PERCOLATE, Not Perculate

What a difference a letter makes — in this case, in the pronunciation of the 9-letter word percolate. I grew up hearing (and speaking) it as it is spelled: per-coh-late. But of late, per-cue-late is bubbling up from vocal chords countrywide.

I dipped into Merriam-Webster Online Dictionary to see what’s up, thinking the newer voicing may have gained enough ground to earn Alternate Pronunciation status. But both the audible version and the written notation revealed that in the eyes of lexicographers, percolate is “properly” pronounced only as it has been for the past 400-plus years: per-coh-late.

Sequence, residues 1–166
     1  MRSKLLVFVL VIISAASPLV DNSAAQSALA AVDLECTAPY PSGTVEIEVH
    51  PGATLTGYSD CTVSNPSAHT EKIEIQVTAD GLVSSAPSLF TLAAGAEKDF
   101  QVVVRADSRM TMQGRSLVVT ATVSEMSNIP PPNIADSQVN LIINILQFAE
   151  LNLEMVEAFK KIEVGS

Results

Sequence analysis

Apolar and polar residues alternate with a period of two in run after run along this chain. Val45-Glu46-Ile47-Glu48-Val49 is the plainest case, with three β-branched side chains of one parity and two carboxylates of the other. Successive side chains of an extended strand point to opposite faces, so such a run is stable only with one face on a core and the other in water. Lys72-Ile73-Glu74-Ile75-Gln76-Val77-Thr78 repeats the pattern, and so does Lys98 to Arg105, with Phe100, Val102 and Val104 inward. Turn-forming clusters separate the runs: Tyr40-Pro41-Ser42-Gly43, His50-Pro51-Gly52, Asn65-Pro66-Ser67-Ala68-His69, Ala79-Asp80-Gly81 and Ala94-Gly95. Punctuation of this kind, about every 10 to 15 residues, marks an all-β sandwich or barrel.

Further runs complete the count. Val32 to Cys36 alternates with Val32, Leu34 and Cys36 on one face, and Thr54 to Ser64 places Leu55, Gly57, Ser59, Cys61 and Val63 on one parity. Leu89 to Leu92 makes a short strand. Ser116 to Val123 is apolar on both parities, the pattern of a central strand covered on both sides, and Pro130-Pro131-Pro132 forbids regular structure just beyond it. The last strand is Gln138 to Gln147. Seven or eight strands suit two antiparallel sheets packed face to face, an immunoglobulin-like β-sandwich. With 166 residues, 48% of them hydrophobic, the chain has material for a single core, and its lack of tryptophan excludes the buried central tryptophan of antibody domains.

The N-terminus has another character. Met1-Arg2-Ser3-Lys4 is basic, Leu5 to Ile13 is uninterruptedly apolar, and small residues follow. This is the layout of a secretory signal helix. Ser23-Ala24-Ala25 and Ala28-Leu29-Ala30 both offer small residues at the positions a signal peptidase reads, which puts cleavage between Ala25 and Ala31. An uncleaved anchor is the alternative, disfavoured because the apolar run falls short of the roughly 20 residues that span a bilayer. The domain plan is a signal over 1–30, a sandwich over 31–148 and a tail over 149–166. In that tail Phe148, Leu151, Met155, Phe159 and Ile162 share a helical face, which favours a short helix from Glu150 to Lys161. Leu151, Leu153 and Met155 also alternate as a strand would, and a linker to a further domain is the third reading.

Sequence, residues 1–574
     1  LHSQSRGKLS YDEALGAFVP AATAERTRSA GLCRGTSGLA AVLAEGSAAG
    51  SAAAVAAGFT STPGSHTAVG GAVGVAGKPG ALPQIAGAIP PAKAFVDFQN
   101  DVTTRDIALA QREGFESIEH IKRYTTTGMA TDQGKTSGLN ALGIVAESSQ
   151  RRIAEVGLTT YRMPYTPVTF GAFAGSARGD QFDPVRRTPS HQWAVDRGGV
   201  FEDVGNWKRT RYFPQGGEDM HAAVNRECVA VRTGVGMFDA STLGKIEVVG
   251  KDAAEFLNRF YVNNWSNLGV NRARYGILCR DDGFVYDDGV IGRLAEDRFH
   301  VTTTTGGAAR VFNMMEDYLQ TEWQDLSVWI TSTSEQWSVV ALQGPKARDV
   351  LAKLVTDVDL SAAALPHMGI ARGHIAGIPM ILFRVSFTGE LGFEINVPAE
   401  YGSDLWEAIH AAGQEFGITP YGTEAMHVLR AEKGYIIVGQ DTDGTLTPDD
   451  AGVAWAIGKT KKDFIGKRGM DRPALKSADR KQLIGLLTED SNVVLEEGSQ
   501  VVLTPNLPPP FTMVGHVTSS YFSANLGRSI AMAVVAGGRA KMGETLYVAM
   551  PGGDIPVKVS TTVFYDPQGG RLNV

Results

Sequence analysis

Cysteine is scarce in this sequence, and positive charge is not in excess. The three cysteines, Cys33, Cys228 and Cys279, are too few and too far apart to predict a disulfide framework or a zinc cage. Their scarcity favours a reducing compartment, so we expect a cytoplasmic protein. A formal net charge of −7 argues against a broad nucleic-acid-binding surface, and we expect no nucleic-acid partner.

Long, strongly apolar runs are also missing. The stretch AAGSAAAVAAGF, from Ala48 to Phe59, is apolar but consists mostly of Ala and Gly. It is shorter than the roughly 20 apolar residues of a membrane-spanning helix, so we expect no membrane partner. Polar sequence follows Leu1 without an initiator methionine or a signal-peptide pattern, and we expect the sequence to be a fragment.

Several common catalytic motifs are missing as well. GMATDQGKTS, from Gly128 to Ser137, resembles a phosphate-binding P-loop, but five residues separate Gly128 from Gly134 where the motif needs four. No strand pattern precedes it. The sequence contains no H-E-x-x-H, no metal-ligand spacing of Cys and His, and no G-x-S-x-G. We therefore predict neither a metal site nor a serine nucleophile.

Nevertheless, it is probably only a matter of time until the newer articulation turns up in dictionaries, and possibly supersedes the long-standing one. The world didn’t end when forte morphed from fort to fort-ay; dour from doo-ur to dow-ur; ration from ray-shun to rash-un; flaccid from flak-sid to flas-sid; and innumerable additional words changed not only their pronunciation but also their meaning. When it comes right down to it, how a word is pronounced is a trifle in the 1,600-year evolution of the English language, a tongue that will keep changing as long as humans are around to speak it.

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